Two experts discuss benefits of drug policy reform during forum
Published: Tuesday, October 5, 2010
Updated: Tuesday, October 5, 2010 23:10
A pair of drug policy reform advocates spoke Tuesday night during an event hosted by West Virginia University Students for Sensible Drug Policy.
The event, "Voices of Change: Building Stronger Communities through Drug Policy Reform," featured a discussion by Eric Sterling, president of the Criminal Justice Policy Foundation, and Rabbi Jeffrey Kahn, former executive director of Interfaith Drug Policy Initiative.
"How many of you would agree that the primary goal of any drug policy should be to save lives, to protect the lives of people who use drugs?" Sterling asked the audience.
The majority of the audience agreed with Sterling by a show of hands.
"Sadly, our current drug policy since 1980 has resulted in a tripling in the rate of death in the U.S. from the use of illegal drugs," he said. "This is the consequence of our current drug policy."
Sterling discussed the unintended effects of the current drug policy including the deforestation of the Amazon.
According to the U.S. Department of State, America has contributed to one quarter of the deforestation in the Amazon through the use of pesticides and herbicides to remove marijuana plants, he said.
Sterling mentioned the economic consequences of the drug trade for countries such as Mexico. More than $7 or 8 billion is pumped into Mexico by America's consumption of drugs, he said.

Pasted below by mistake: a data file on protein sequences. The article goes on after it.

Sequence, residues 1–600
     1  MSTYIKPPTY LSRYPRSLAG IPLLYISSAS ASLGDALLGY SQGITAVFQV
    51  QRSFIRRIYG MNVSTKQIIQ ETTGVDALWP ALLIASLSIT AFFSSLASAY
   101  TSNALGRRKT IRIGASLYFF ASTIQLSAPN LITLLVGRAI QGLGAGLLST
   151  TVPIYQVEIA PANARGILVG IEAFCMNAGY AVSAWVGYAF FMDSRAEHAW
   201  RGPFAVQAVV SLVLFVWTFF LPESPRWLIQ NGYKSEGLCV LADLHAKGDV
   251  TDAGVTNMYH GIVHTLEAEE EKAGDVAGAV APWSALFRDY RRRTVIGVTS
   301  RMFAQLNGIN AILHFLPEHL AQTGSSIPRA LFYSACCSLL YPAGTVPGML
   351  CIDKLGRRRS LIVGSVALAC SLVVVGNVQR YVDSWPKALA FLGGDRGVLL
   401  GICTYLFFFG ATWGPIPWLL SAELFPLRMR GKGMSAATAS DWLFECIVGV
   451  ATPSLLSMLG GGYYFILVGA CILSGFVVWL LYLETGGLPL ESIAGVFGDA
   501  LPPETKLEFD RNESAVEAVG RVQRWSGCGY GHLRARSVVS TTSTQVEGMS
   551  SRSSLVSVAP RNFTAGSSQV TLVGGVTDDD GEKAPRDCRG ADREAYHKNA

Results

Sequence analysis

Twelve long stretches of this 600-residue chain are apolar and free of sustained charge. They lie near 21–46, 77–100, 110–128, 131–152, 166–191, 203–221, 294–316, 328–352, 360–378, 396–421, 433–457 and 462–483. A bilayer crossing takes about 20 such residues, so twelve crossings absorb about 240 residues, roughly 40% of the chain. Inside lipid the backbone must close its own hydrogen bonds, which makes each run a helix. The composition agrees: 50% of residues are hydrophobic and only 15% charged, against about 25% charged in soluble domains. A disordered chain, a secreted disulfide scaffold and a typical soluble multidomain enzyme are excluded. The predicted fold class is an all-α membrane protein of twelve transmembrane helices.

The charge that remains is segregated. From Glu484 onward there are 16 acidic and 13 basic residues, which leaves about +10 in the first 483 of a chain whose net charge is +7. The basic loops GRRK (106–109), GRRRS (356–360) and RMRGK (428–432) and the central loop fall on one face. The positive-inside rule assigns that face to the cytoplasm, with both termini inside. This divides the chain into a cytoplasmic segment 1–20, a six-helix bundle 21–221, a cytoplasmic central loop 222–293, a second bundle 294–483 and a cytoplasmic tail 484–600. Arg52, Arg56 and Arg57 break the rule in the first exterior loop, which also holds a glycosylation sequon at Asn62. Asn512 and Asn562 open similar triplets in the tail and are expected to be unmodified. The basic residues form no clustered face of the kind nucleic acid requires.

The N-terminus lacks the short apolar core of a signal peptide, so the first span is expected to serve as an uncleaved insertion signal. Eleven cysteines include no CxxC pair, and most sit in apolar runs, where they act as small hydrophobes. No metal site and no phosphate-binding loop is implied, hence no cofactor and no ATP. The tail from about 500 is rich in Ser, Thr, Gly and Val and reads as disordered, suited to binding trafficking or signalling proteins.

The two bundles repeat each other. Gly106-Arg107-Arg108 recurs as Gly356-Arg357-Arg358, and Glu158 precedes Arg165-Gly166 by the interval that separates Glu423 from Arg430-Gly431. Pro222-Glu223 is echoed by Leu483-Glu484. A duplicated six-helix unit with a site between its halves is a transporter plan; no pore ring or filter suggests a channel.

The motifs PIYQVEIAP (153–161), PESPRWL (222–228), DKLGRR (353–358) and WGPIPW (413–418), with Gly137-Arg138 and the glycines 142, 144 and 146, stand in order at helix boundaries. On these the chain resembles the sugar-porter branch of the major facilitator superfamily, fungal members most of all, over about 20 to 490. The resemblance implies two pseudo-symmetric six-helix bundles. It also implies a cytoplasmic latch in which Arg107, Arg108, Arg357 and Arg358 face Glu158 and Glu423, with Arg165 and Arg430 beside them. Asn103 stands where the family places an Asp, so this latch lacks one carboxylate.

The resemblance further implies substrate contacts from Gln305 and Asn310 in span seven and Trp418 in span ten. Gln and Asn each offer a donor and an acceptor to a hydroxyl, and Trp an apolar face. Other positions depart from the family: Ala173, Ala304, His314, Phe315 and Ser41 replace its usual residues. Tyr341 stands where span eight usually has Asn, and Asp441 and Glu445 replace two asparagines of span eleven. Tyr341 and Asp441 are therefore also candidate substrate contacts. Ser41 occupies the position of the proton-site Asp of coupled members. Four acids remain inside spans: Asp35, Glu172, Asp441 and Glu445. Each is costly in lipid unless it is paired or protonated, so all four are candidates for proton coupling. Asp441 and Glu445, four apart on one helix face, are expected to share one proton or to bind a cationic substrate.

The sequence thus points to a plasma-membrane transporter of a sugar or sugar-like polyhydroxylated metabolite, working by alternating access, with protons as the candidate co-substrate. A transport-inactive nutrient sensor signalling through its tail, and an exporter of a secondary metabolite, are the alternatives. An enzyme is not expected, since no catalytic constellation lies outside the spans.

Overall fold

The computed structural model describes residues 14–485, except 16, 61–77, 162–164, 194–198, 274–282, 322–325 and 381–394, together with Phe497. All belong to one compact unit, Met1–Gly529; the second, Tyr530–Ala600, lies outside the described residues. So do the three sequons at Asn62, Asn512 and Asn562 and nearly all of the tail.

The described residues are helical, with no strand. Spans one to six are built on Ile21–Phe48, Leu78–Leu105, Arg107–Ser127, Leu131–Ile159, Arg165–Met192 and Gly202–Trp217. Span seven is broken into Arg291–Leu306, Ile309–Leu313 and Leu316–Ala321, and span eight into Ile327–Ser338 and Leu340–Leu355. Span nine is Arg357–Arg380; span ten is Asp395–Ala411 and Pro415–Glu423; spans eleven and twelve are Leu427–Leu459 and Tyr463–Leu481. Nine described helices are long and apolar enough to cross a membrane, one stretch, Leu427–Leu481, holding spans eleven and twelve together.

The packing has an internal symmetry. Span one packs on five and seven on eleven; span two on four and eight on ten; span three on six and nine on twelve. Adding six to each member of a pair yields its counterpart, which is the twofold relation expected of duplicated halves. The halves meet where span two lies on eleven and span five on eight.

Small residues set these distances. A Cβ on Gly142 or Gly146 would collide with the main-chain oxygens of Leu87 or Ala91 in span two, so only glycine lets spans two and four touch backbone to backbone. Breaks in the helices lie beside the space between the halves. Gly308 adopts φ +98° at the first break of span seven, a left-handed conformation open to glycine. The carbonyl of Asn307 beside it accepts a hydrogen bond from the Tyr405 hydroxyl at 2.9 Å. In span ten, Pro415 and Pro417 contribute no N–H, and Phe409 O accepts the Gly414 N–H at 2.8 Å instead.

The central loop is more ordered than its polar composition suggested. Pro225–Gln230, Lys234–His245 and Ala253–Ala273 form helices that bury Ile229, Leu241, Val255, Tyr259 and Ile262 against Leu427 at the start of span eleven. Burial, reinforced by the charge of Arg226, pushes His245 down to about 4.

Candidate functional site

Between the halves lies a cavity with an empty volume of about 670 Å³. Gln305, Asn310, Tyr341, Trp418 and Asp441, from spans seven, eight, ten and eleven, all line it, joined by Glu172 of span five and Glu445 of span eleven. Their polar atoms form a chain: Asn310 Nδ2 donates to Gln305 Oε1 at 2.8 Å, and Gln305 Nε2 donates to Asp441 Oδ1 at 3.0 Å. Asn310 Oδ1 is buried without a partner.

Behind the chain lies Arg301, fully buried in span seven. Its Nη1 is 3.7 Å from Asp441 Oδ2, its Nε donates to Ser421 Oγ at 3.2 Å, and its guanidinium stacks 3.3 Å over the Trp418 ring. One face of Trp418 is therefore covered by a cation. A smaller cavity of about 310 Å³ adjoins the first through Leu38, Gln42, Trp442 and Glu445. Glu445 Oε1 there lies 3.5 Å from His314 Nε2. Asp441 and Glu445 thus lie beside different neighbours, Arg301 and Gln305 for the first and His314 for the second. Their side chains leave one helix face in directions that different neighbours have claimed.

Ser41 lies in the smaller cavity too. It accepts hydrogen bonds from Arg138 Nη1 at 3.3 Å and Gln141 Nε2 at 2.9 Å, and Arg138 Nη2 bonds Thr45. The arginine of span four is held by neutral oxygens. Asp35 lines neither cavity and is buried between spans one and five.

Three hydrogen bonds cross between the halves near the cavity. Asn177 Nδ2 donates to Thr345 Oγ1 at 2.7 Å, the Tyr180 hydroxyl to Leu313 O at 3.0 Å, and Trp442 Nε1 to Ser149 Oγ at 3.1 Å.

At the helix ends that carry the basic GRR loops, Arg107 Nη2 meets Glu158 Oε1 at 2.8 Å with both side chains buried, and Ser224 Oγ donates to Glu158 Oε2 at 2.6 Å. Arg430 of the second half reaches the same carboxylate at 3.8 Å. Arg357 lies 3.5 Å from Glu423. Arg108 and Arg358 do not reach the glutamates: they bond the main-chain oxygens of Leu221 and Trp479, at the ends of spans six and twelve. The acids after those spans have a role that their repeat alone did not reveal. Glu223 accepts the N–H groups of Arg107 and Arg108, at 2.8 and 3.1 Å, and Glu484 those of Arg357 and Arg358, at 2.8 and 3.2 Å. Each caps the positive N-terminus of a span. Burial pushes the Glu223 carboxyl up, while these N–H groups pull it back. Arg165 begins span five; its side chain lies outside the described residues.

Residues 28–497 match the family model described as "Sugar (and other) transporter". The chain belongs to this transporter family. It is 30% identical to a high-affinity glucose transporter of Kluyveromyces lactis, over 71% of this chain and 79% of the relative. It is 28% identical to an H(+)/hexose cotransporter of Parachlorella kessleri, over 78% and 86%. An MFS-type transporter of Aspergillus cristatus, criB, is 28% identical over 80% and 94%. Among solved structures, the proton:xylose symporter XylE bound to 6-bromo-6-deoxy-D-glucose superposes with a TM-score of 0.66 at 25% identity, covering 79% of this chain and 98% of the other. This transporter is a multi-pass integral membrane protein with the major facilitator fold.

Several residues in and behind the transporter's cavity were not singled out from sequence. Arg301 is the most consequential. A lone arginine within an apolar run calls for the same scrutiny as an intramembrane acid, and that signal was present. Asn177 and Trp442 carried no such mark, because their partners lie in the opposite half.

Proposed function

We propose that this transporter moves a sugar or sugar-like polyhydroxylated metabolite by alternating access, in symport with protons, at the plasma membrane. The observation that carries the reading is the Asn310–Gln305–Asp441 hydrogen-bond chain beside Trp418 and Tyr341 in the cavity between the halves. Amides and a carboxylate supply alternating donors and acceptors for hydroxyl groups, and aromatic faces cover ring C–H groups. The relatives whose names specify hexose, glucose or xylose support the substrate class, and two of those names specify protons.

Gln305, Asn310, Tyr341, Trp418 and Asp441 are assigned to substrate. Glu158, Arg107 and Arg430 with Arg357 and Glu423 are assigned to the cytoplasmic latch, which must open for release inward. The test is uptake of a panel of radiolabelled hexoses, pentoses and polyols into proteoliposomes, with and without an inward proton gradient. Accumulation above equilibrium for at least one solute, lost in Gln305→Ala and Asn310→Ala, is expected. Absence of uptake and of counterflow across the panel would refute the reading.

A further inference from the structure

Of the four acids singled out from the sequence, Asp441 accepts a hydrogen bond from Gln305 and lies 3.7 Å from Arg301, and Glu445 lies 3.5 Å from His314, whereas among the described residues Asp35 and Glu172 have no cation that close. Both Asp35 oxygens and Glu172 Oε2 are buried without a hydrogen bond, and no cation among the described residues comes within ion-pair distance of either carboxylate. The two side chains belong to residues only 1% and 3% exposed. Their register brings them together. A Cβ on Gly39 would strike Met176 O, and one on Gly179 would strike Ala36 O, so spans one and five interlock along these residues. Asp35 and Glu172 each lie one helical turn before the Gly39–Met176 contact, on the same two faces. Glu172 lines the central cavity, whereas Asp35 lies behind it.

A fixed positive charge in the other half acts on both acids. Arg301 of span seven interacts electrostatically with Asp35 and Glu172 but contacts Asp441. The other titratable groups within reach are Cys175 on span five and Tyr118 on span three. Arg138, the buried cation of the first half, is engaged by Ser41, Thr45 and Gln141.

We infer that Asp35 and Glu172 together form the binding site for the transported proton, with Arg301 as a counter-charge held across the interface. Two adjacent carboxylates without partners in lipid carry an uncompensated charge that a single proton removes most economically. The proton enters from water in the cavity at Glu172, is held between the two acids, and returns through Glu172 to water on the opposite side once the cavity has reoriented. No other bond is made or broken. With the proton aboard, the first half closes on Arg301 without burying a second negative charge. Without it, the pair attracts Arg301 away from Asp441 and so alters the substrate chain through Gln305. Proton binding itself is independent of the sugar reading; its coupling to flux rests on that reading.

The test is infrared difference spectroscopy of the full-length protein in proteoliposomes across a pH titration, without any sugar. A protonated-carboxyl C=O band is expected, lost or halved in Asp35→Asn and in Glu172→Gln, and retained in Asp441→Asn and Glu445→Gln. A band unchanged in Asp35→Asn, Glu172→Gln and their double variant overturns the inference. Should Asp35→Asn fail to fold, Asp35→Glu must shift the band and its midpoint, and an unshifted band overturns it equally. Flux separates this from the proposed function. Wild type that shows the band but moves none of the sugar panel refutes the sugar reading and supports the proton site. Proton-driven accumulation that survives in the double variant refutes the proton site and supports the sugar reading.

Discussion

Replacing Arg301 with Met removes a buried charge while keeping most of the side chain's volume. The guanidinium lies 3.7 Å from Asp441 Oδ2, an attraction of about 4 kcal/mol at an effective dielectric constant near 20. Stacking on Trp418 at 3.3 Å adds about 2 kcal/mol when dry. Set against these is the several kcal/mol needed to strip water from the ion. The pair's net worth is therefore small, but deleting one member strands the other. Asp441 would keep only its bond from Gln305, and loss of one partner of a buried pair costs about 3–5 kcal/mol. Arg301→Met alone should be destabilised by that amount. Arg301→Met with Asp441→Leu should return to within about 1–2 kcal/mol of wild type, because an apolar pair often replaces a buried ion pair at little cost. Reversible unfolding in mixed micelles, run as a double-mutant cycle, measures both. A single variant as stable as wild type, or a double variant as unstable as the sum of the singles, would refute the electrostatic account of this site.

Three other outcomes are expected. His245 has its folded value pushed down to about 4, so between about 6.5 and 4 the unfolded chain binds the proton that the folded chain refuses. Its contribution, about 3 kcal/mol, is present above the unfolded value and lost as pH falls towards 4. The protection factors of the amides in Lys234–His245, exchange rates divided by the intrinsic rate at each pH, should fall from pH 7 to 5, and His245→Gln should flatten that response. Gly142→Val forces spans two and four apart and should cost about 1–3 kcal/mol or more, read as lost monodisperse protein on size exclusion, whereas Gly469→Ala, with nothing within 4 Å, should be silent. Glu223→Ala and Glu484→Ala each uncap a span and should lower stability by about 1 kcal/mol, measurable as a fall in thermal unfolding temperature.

"This has enriched the most violent, most lawless gangs of criminals (to the point) that they now threatened the viability of the Mexican state," he said. "They want one thing, impunity. They want to operate outside the law."
Sterling said American society faces the same consequences if it does not deal with its drug problem.
Regulation is the easiest way to defeat drug criminals to take the control away from the illegal markets, Sterling said.
"This is not a law of nature," he said. "This is a law of Congress, and it must be reformed completely. Our objective must be to adopt a drug policy whose goal is to protect drug users from harm."
Kahn, who also is opening the first medical marijuana dispensary in D.C., took a different approach to the drug policy reform topic and discussed the immoral implications and stereotypes that have evolved about drug use.
"Besides being illegal, most of us tend to think that because cannabis is illegal, it must be immoral, too," Kahn said.
Kahn cited from the Bible, emphasizing that cannabis is a plant, and according to the Bible, God created all plants.
Sarah Rowley, a junior interior design major, said she came to the event to become more educated on the topic.
"I really want to expand my knowledge on the drug policy in the U.S.," she said.
Doug Teter, a junior chemical engineering major, came to learn more about the current drug policy. Teter said he was also interested in learning about the first medical marijuana dispensary Kahn is opening in D.C.
David Tyler George, vice president of WVU's SSDP, said he hopes events like this motivate students to become more involved and educated about drug policy issues.
"This is a crisis, and it is your generation that has the opportunity, if not the duty, to address the drug policy," Sterling said. "This is your Vietnam, this is your Civil Rights Movement … This is your fight to save the planet."